Felipe Massa fears Fernando Alonso’s return to Formula 1 in 2021 could bear hallmarks of when Michael Schumacher came back from retirement.
The Brazilian was a Ferrari team-mate of both World Champions during his eight years with the Scuderia that yielded him 11 race victories and almost a title of his own in 2008.
While Massa was partnering Alonso with the Italian giants, Schumacher, who had retired at the end of the 2006 season, re-emerged in 2010 for a three-year stint with Mercedes.
But it did not go as well as hoped for the German, who achieved only a solitary podium finish, third position at the 2012 European Grand Prix in Valencia, before stepping away from the sport for good.
Alonso has had one year less out of F1 than Schumacher did, during which he has won the Le Mans 24-Hour Race and the World Endurance Championship and also competed in the Dakar Rally and the Indianapolis 500.
However, Massa is sceptical as to whether his former colleague will succeed, given the age gap between he and his rivals and the time he has spent away from the grid.
“Fernando is a phenomenon, a talent difficult to find among drivers,” said Massa, who has driven the last two Formula E seasons with a best result of third in Monaco, in an interview with AS.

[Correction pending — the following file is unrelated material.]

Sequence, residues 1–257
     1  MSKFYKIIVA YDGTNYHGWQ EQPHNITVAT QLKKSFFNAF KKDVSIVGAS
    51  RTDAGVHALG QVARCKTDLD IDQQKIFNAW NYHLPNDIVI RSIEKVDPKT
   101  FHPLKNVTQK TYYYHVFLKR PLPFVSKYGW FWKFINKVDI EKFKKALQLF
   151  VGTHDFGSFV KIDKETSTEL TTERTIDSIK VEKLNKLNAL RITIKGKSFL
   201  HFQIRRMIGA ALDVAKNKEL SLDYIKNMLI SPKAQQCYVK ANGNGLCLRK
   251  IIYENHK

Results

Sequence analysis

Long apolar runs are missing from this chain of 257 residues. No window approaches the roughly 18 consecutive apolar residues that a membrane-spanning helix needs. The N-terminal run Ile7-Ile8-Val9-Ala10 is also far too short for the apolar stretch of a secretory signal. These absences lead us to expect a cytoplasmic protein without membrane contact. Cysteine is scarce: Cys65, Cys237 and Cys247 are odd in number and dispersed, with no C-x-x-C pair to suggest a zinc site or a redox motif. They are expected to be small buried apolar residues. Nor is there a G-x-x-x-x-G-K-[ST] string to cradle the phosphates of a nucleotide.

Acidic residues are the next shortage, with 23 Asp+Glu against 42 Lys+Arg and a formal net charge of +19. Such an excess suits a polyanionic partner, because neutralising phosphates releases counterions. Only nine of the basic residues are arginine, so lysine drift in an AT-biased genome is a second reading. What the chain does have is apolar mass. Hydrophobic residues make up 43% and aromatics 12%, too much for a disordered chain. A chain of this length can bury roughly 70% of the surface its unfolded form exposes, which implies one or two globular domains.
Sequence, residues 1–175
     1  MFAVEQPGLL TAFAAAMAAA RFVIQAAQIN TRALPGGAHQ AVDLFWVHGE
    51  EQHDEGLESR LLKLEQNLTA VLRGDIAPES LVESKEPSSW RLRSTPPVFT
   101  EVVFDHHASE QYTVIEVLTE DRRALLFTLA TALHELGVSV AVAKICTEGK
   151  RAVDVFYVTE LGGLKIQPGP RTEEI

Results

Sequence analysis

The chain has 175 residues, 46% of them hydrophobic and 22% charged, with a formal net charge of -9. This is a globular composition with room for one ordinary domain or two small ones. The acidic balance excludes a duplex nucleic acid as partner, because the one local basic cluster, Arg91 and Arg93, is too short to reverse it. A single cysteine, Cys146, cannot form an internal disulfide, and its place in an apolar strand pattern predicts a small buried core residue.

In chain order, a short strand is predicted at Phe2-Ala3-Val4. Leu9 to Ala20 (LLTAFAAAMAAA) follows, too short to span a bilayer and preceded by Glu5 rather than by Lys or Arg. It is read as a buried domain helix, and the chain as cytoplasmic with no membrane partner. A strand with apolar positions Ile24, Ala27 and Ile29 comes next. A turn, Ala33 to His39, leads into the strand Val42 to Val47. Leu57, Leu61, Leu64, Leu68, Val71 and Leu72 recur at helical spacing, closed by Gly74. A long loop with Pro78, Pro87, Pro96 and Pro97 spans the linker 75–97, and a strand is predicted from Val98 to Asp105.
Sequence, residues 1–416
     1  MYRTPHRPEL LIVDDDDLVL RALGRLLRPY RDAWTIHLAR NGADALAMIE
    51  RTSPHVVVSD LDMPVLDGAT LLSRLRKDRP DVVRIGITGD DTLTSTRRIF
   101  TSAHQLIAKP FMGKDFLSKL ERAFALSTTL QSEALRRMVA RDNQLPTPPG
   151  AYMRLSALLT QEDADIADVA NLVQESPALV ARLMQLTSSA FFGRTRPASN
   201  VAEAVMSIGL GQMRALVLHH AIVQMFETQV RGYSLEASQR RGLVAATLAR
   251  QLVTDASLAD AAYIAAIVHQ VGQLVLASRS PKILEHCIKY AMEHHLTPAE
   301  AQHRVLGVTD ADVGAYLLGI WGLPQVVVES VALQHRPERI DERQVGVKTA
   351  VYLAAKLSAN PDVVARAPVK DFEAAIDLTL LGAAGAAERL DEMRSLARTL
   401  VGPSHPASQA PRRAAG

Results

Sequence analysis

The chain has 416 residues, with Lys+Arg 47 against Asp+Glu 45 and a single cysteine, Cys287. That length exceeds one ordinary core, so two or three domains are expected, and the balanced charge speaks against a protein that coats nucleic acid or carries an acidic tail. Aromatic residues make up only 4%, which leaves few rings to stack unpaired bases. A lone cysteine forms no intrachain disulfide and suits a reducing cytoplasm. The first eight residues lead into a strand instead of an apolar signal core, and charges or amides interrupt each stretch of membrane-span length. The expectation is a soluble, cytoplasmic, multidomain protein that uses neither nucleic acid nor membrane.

“However, it must be remembered that he comes to a team that is not in the top positions and he has been out of F1 for two years.
“It should not be hidden that it can be a negative effect, as happened to Schumacher, who was out for three years and did not return to the level of before.
“Age is also a factor. Fernando will be 40 years old and will fight 20-25 year old drivers. Age is a problem, but it must be recognized that Alonso is a talent and can do well. For F1 it is positive that Fernando returns.”
Massa also said he considered Alonso a “tougher” team-mate to have than Schumacher, but suggested that was due to the different stages of their careers they were at – the German was in his last year at Ferrari when he joined, whereas he had four seasons alongside the Spaniard.
“Schumacher was like the teacher, he didn’t have that rivalry I had with Alonso for so many years together,” explained Massa. “It was a competition of many years and frankly it was more difficult, although it is also true that they were different situations.
“As a driver I would say Schumacher, clearly. It is true that Fernando did not have as many competitive cars as Michael, but Schumacher won seven Championships and won 91 races. Numbers are important and that makes a difference.”